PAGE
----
Manuscript volume containing an anonymous tract relating to the income tax proposed by William Pitt the younger, Prime Minister, 13 Dec 1798, entitled 'An humble attempt at removing one serious objection to Mr Pitt's new (intended) tax upon income', with particular reference to Bristol (where the manuscript is dated). The author counters the objection of many business men to disclosing their financial situation to commissioners, by suggesting that it should be optional for any person to elect to disclose his affairs to a Court composed of members not belonging to his district.
Tract relating to income tax
- This material is held at
- ReferenceGB 96 MS 233
- Dates of Creation1798
- Name of Creator
- Language of MaterialEnglish
- Physical Description1 volume containing 2 leaves
Scope and Content
Administrative / Biographical History
Great Britain was the first country to impose a general income tax (1799) to finance the Napoleonic Wars. It was alternately repealed and reimposed until the 1880s, by which time it was generally accepted as a permanent levy.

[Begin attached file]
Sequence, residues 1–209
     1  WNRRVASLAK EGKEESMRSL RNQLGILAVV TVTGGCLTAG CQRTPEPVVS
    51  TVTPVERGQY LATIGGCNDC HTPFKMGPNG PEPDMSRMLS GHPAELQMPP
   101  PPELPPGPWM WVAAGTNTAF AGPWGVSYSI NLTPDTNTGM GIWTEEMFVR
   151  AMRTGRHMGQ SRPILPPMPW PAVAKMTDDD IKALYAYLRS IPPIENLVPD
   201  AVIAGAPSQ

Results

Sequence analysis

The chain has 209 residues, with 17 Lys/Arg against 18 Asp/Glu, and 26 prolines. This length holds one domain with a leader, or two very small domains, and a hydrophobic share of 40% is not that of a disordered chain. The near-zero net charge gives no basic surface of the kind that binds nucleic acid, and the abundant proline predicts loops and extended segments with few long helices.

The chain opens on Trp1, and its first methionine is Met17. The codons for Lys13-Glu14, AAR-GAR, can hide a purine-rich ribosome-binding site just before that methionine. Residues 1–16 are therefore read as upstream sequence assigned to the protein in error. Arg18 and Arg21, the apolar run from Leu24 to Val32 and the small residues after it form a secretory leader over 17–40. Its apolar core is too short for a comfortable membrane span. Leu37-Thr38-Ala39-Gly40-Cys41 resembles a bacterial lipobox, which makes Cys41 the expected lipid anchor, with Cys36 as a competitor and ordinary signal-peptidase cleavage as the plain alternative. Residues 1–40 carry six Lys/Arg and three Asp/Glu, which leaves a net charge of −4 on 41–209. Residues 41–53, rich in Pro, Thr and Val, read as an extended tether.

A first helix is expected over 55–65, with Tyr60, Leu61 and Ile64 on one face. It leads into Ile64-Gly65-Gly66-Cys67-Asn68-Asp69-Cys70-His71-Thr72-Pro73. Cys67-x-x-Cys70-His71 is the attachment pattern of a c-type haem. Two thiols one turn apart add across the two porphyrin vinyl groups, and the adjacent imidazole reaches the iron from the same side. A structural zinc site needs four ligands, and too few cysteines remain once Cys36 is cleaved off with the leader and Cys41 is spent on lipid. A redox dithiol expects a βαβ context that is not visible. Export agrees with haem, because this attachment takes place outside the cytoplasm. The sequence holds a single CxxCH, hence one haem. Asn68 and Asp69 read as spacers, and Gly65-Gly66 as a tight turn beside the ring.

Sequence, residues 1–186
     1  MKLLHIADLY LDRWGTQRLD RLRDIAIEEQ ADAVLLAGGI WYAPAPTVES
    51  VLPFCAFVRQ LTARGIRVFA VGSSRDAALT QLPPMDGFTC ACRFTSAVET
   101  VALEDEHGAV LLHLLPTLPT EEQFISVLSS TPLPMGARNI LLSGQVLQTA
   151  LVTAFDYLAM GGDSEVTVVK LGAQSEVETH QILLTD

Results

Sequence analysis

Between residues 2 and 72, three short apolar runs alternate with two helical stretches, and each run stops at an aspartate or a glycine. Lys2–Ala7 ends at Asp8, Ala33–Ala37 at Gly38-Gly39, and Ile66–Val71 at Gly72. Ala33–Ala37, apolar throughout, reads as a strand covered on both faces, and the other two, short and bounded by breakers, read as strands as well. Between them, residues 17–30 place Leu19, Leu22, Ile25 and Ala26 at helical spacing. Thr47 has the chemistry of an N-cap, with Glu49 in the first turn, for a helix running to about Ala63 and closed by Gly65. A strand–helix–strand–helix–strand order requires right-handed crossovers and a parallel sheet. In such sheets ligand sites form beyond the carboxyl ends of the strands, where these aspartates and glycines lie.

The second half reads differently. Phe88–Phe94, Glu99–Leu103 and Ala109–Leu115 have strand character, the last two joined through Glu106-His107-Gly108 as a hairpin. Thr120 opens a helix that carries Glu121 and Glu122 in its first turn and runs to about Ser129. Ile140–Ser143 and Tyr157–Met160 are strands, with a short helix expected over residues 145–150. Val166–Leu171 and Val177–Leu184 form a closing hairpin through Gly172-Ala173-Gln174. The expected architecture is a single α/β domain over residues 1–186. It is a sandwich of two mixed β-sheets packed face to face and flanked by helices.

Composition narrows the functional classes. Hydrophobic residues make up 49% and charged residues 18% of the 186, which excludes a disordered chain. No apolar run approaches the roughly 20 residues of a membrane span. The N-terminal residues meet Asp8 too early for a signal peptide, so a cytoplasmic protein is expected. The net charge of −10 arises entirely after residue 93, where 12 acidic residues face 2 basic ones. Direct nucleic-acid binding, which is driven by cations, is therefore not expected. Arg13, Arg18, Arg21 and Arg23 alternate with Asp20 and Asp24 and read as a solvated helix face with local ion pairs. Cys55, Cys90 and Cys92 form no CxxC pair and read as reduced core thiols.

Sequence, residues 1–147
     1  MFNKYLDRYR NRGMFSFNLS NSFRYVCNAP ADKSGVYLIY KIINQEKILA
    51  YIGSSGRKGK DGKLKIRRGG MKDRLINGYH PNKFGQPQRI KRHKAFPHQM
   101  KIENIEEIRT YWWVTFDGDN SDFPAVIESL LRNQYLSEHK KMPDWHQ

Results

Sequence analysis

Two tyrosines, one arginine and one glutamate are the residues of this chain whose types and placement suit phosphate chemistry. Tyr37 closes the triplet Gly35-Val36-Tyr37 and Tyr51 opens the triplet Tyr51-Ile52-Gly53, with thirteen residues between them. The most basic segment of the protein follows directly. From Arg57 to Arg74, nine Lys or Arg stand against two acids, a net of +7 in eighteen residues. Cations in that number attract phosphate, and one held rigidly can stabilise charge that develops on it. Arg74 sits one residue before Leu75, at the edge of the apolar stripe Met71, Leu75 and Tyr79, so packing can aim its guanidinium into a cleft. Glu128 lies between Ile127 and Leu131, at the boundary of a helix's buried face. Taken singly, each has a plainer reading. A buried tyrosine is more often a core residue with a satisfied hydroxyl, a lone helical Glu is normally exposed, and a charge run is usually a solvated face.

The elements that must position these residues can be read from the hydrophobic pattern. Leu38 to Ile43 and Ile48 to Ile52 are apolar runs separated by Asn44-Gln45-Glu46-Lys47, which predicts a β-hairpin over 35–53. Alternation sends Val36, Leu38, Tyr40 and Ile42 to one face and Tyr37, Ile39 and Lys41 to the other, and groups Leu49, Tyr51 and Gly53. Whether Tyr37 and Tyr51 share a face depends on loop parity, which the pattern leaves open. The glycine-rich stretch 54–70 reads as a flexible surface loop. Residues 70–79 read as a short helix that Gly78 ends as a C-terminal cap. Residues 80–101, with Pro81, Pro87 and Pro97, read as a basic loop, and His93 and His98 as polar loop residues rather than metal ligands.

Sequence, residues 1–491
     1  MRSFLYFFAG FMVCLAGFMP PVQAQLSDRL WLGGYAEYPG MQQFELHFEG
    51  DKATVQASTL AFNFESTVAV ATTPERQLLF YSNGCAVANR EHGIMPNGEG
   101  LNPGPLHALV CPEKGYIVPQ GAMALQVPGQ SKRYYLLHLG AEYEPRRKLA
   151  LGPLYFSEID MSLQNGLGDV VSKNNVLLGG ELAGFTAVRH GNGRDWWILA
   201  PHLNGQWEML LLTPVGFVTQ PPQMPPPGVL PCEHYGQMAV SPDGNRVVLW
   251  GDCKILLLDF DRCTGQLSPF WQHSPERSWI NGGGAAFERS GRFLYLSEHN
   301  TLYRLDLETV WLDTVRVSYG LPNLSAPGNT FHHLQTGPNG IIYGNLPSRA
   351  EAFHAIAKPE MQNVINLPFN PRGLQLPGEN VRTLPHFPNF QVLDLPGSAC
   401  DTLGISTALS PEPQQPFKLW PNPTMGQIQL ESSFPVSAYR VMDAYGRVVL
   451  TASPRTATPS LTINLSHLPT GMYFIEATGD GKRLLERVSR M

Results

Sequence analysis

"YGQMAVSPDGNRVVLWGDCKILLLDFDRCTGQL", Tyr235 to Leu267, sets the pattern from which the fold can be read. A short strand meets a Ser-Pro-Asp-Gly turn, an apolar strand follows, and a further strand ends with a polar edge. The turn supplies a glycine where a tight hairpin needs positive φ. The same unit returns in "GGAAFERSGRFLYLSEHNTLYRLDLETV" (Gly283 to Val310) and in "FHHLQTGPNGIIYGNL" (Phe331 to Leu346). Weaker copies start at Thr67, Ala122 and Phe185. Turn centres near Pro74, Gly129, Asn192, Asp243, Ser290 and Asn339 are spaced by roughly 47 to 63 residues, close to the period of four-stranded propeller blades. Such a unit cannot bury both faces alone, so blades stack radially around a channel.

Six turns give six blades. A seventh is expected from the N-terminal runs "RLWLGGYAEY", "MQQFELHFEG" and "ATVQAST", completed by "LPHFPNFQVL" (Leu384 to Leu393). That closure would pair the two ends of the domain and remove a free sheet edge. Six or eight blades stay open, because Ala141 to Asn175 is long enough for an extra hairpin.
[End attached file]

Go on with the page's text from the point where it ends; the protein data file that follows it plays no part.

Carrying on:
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Part of the Goldsmith's Library of Economic Literature, initially collected by Herbert Somerton Foxwell and presented by the Goldsmith's Company to the University of London in 1903.
Other Finding Aids
Collection level description.
Physical Characteristics and/or Technical Requirements
Manuscript folio. Bound in half-morocco.
Compiled by Sarah Smith as part of the RSLP AIM25 Project.
Conditions Governing Use
Copies may be made, subject to the condition of the original. Copying must be undertaken by the Palaeography Room staff, who will need a minimum of 24 hours to process requests.